The United States will work with like-minded nations, from India to the Pacific islands, to advance their shared interests, writes Mike Pence.
As China’s interests continue to expand, so too does its desire to participate in global affairs. But contrary to some recent commentary, which seems to rattle the US, it seems unlikely that ‘world power’ or ‘world domination’ are China’s priorities, writes Neil Thomas.
The foreign policy of small states is constrained by the size and location of the country and its natural resources and population.
With both nations already sharing a disputed border, it would be in India’s interest to avoid challenging China in the wider Indo-Pacific region.
US President Donald Trump has thrown his support behind the notion of a ‘Free and Open Indo-Pacific’.
Some critics have compared the US pledge of $113 million to the ‘Free and Open Indo-Pacific’ with China’s $1-trillion-worth Belt and Road Initiative, making them regard this US effort laughable.
US Secretary of State Mike Pompeo began his visit to Malaysia, Singapore and Indonesia with a plan to invest $113 million in the Indo-Pacific region.
A ‘Free and Open Indo-Pacific’ (FOIP) seems to be a work in progress and it is still not clear how much support it could garner from Asean member states.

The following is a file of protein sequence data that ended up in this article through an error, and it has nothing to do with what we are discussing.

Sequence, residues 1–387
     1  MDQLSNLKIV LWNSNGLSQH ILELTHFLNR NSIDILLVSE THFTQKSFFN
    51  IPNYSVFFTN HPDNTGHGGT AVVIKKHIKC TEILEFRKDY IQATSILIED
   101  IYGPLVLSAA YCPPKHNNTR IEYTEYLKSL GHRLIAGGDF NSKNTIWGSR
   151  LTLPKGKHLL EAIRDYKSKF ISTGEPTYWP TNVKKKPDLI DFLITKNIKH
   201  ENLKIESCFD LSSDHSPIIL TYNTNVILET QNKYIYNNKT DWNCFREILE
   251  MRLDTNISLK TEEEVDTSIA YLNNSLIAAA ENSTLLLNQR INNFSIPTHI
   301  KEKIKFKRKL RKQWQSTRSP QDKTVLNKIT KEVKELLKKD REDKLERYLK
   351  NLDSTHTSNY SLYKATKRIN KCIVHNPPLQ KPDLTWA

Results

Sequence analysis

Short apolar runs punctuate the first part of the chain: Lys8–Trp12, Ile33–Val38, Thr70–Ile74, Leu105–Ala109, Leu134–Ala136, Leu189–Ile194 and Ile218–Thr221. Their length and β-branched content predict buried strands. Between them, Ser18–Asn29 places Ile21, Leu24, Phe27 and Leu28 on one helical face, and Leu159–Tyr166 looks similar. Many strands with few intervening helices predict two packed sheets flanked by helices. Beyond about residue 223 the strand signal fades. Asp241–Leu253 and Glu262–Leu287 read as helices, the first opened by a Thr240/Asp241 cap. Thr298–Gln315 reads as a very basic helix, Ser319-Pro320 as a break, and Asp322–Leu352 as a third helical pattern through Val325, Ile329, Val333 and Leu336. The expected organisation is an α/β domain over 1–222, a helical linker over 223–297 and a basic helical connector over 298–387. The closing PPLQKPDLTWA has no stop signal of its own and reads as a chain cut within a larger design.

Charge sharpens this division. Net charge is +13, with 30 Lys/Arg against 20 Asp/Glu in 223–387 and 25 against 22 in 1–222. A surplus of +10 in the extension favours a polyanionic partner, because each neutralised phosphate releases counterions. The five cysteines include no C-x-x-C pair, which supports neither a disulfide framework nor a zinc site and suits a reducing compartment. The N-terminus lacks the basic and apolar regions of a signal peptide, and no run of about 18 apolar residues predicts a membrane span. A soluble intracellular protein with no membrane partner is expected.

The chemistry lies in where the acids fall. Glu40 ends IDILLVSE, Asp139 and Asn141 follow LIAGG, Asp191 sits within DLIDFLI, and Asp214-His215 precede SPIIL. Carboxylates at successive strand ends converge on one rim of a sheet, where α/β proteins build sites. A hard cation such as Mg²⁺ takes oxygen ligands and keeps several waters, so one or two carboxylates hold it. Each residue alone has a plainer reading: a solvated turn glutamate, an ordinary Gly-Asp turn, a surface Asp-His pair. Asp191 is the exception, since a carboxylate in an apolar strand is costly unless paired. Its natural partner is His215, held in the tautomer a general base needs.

Manila will readily support the ‘Free and Open Indo-Pacific’ strategy in the context of enhancing its defence ties with the United States as the Duterte administration tries to balance its relations with China, writes Christian Vicedo.
Taking a non-confrontational approach to China’s Belt and Road Initiative is sensible when the new US and Australian financial resources being contributed to an alternative are so comparatively modest.
If the Quad cannot make clear how it addresses three inherent contradictions in its revival of the ‘Indo-Pacific’, it will not achieve the support of Asean states.
The Overseas Private Investment Corporation is looking to support American infrastructure investment in Southeast Asia.
Is the much heralded ‘Asian Century’ now losing its significance with the US-led Indo-Pacific concept which seeks to redefine geographical boundaries?
Asean and Japan’s senior officials participating in the 33rd Asean-Japan Forum in Tokyo last week reaffirmed the importance of the Asean-Japan Strategic Partnership.
David Shambaugh writes that Washington should substantially raise Southeast Asia as a strategic priority in its Asian and global foreign policy and argues that it is too important a region, for the United States, to cede to China.
What remains of Australian international broadcasting content largely mirrors the country to itself, rather than reaching out to engage audiences across cultural and political frontiers.
The most effective regional frameworks are virtuous cycles. They are built on key state-to-state relations among members and reinforce and strengthen these same relations.
Never before have ties between the US and Cambodia been so low, since 1997. The bilateral relationship now is close to hitting rock-bottom level with a lack of mutual trust and understanding between both countries.
The Mekong-Japan cooperation and the Indo-Pacific strategy are connected and Cambodia is well placed geographically to link Asean in the two frameworks, writes Chheang Vannarith.
The Indo-Pacific strategy for all intents and purposes is used by the US to counterbalance the rise of China. This, argues Su Hao, is dangerous and could lead Asian nations toward confrontation, rather than promote regional peace.